Child Support

When relationships fall apart and children are involved, there are strict laws meant to financially protect those under age 21. The Federal Family Support Act of 1988 requires every state to devise numerical child support guidelines. These guidelines take into consideration a federal requirement that the figures are neither unjust nor inappropriate.These guidelines take into consideration a federal requirement that the figures are neither unjust nor inappropriate. They’re designed to overcome three consistent problems in these types of child support cases, including insufficient levels of support, inconsistency of criteria used by judges to fashion awards, and inefficiency in the adjudication of child support. There are many protective mechanisms put into place to ensure the needs of the children are met.

In New York, the calculations are typically based upon the income of the parents however there are other methods when the income is not properly ascertainable.There are also instances when adjustments to existing court orders for child support need to be requested or defended against. The primary goal of child support laws are to ensure child support is adequate and to do that the Child Support Standards Act (CSSA) is used. Under the CSSA, the court allocates a specific percentage of the parent’s combined income to child support based on the number of children:

17% for one child
25% for two children
29% for three children
31% for four children
35% for five or more children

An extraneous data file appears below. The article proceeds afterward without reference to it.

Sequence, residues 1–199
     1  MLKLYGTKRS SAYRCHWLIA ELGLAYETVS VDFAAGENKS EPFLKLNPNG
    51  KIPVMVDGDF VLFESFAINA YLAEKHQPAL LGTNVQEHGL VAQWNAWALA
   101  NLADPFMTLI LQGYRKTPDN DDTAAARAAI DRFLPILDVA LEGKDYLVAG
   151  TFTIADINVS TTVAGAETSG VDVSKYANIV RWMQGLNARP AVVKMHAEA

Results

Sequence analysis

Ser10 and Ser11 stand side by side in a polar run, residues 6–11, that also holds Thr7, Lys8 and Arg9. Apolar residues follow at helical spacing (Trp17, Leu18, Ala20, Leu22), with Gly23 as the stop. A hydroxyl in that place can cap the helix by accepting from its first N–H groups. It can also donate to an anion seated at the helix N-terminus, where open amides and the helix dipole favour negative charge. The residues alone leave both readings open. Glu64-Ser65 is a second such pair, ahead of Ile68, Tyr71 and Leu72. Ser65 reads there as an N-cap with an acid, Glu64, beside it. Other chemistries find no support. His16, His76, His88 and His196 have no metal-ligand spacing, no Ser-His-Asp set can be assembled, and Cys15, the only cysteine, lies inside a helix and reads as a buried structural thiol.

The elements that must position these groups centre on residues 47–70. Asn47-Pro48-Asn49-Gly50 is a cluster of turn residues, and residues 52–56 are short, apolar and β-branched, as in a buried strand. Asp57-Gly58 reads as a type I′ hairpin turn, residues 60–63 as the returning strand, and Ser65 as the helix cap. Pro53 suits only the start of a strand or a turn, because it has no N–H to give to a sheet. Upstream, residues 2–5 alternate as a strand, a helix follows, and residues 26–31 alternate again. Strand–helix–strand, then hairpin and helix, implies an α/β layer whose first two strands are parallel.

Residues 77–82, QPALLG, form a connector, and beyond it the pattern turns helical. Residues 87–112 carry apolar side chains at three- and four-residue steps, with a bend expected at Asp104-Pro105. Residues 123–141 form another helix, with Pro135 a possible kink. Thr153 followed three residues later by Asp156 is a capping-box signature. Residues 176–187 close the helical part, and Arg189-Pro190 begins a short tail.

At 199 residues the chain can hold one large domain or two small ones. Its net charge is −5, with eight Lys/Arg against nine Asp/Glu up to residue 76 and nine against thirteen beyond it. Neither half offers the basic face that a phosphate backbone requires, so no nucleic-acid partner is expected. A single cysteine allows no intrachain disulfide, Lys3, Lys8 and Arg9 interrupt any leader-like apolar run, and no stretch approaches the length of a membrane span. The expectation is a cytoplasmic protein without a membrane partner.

Child support payments are intended to cover the costs of the care, maintenance and education of the children. Every state has its own unique guidelines but it’s important to remember that the liability for support falls to both parents, not just the non-custodial parent.

Child support laws are case-specific and there are intricate laws that share the same foundation, but also have variations and other denominators that could play a role in the court’s decision and how much support is ultimately ordered.

“The laws have recently changed and there are many factors utilized to derive the appropriate figures.”

New York courts initially apply the above percentages to incomes up to $141,000; however, they also are afforded discretion to apply different percentages to combined parental income in excess of $141,000.00. And the courts often deviate from the above percentages to achieve equity and fairness. Again, it’s important to remember that the court puts the child’s needs first. Depending on the unique situations, a court may also award an additional sum of money for other expenses such as child care, insurance, out of pocket healthcare expenses and college funds. Child support can be paid directly to the custodial parent, or in those instances where non-payment of support is a concern, the court may order that child support be paid through the Support Collection Unit. The SCU keeps records and can even enforce arrears.

At the Law Offices of Seidner & Associates, PC, our child support attorneys not only understand the latest statutes and cases, but can represent you in a way that minimizes stress felt by you and your children. Litigating child support in Long Island is never easy and emotions run deep but we always ensure that your rights are protected every step of the way.